Memorial by Bryan Washington: Saying the words out loud

Cover image for Memorial by Bryan Washington Bryan Washington’s first book, Lot, made quite an impression on me. Billed as a collection of linked short stories it read more like a fragmentary novella, remarkable for its sense of place and its beautifully crafted prose. It was a contender for my books of 2019 list, only omitted because there were so many other titles jostling for position. Hopes were high then for Memorial much of which is set in Houston, the city in which Lot was so firmly rooted.

We haven’t been good at apologising lately. Now would be a nice time.

Mike and Benson have been together for over four years but things are a little rocky. Communication is at a premium and a thread of violence, which dogged both their childhoods, has found its way into their relationship. Each is very different from the other, but they share one thing – both have problems with their fathers. Determined to track his down before he dies, Mike is all set to fly to Osaka the day after his mother is due to arrive in Houston, flying in from Japan at short notice. Benson’s not best pleased when Mike refuses to delay his trip leaving him with Mitsuko who appears distinctly disapproving of her son’s black boyfriend but tells him she’ll be staying in their one-bedroomed apartment until Mike’s return. These two slip into a routine – at first strained then comfortable – Benson off to his childcare job by day while Mitsuko sets about teaching him how to cook in the evening. Meanwhile in Japan, Mike has found his father running a tiny bar called Mitsuko’s with a loyal clientele apparently unaware that the man they’re so fond of is dying or that he has a son. Now and then Mike texts Benson about his father then announces he’s there for the duration, seeing out the life of this man he barely knows any more. When it’s time for Mike to come home things have changed for both of them in ways there may be no coming back from.

There’s still something there. It’s not hot enough to scald. But it could be, if I wanted it to, and I am surprised that I have to wonder

Washington narrates his novel in the first-person switching perspectives from Benson to Mike then back again. Each of their voices are as distinctly different as their characters. Benson’s narrative is delivered in bite-sized episodic passages with a vein of playful humour running through it. In contrast, Mike’s section is more sombre as you might expect, his voice brasher than his lover’s.  With pin-point precision, Washington captures that point in a relationship where neither is entirely sure if they will stay or walk away. His clipped writing conveys a great deal, summoning up a scene in a few words, and he clearly loves Japanese food. By the end of this empathetic novel all the messiness of relationships and family has been explored but hopes of reconciliation and redemption are on the cards. Lot set the bar very high, for me, but Memorial cleared it with ease.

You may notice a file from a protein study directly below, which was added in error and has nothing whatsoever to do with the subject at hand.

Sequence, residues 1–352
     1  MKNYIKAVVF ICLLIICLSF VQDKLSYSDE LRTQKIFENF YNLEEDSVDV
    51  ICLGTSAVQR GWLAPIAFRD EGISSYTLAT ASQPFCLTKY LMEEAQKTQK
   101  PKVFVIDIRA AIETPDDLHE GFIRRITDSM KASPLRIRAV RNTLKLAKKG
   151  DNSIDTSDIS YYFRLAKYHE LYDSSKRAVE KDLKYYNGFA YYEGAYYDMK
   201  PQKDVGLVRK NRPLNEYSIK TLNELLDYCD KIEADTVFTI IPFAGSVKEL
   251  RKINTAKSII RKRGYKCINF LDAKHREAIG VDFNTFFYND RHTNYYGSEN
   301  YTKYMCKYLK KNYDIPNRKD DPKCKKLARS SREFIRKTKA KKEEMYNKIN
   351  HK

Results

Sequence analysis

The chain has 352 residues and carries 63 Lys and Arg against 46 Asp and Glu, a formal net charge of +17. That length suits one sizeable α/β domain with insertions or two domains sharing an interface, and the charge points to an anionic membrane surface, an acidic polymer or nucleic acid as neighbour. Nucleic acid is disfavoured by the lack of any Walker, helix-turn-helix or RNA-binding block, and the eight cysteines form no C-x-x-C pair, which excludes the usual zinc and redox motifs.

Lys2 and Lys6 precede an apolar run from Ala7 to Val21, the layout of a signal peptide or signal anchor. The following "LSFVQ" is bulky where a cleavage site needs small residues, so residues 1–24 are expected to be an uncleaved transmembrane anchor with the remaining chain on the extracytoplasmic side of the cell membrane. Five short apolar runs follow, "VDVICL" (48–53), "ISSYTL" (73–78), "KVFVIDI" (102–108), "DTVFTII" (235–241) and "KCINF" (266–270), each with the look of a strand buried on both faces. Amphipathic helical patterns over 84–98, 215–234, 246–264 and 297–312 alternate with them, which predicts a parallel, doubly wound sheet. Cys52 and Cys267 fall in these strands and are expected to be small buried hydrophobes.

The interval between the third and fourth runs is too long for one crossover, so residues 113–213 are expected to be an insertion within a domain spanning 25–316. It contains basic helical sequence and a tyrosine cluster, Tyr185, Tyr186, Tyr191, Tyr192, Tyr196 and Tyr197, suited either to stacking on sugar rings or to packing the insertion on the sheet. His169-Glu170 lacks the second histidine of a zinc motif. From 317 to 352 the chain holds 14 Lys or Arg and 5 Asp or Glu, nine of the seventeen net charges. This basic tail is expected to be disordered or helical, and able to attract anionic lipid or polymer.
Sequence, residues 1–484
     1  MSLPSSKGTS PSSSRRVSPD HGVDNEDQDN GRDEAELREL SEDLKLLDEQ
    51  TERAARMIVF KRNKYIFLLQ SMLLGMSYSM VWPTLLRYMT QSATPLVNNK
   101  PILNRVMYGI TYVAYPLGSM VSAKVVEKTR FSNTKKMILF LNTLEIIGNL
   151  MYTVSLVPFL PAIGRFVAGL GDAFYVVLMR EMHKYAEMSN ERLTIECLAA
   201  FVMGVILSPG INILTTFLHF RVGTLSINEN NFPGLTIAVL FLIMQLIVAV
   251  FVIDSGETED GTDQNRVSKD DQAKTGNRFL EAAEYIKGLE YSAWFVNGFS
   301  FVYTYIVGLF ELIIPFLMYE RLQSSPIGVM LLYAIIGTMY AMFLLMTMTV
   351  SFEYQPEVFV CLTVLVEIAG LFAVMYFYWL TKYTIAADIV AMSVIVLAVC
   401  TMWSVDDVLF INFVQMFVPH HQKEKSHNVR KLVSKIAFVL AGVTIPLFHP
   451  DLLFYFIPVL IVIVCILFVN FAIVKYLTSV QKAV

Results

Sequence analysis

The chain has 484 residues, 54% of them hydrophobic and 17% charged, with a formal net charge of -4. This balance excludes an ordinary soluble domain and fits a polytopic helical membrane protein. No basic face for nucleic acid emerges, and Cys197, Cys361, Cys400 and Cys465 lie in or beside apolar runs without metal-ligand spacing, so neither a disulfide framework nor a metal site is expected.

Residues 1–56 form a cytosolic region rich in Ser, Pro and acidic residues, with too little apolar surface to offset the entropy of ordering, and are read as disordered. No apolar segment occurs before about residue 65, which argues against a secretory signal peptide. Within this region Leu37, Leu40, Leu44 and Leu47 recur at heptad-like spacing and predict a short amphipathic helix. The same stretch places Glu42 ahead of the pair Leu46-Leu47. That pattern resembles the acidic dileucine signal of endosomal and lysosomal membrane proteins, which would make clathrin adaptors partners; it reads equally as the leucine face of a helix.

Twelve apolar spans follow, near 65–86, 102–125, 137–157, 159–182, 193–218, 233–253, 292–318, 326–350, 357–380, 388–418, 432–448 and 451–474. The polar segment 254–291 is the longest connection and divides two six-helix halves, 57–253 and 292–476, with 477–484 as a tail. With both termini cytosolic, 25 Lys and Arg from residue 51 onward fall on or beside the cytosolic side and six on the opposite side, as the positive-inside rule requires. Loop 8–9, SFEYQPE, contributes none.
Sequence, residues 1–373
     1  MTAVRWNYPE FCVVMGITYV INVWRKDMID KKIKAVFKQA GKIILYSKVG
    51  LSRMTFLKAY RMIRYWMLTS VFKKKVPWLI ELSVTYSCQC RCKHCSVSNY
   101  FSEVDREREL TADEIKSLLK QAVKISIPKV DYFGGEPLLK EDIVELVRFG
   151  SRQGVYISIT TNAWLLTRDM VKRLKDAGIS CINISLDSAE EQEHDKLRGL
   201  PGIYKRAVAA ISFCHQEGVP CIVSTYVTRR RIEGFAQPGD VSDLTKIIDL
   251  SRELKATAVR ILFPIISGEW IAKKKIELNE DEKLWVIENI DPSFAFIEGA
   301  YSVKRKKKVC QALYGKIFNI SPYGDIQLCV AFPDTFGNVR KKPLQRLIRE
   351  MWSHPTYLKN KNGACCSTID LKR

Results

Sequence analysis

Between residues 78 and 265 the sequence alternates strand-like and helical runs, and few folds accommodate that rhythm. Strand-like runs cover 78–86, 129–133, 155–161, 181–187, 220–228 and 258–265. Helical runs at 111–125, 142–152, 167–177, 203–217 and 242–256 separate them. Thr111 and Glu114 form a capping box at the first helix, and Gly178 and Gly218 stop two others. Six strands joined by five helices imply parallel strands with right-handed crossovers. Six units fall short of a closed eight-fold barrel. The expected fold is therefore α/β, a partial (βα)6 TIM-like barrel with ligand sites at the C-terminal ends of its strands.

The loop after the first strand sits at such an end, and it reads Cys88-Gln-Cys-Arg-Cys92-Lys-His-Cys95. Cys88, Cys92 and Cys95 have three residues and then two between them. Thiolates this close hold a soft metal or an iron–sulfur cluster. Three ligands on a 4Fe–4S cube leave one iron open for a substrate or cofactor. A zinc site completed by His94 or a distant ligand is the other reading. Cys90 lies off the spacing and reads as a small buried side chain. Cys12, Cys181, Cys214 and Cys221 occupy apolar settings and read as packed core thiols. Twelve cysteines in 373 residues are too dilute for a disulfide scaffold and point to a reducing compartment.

Atlantic Books: London 9781838950088 320 pages Hardback

18 thoughts on “Memorial by Bryan Washington: Saying the words out loud”

  1. I’ve noticed a lot of buzz about this. Seeing your recommendation is the final push and I have just bought a copy. I might also have bought a copy of Lot, but can neither confirm nor deny…..

  2. What a nice surprise this morning, to read your review. I, too, had seen the buzz but had really forgotten about this novel (I was unaware the author had written Lot) as I have plenty of other things to read and it didn’t seem that compelling. I’m now reevaluating my dismissal (and checking our Lot as well!).

    1. Well, that’s all lovely to hear! I’m usually wary of buzz, often synonymous with hype, but it’s entirely justified in this case. Hope you enjoy if you decide to take the plunge.

  3. I too have seen quite a lot of praise for this author on social media and in various reviews, so it’s good to hear you also rate him highly. I’m not always a fan of dual narratives, but in this instance it sounds very effective – particularly as the characters are well differentiated…

    1. I agree, Jacqui. If the voices are similar it can be downright confusing. Not only are Washington’s charcters very different but each of their narratives is delivered in a distinctive style.

  4. We’ve chatted about this elsewhere and, since, my copy of Memorial has arrived for pick-up (now, just t figure out how to get to it, with there now being a second State of Emergency declared here, with the government still figuring out exactly what that means, because nothing’s really changed, only that everyone’s concerned that people aren’t staying home the way they’re supposed to and cases are still rising). I agree about Lot, the line between linked stories and novel is fuzzier here than it often is; in this case, I don’t quite understand why they didn’t market it as a novel and I suspect it would have found more readers in that vein. *shrug* He’s talented….I think he’s finding his readership regardless! 🙂

    1. Ah, I’m sorry to hear that. We’re in the same state here. I hope you enjoy Memorial once you get your hands on it. I think you’re right about Lot’s marketing. Short stories are always a more difficult sell although there’s no doubt that Washington seems to have established himself.

  5. I’ve been seeing this book on a lot of “best of” lists, so I decided to google the author – he’s so young! And this is not his first book. I see a bright future ahead!

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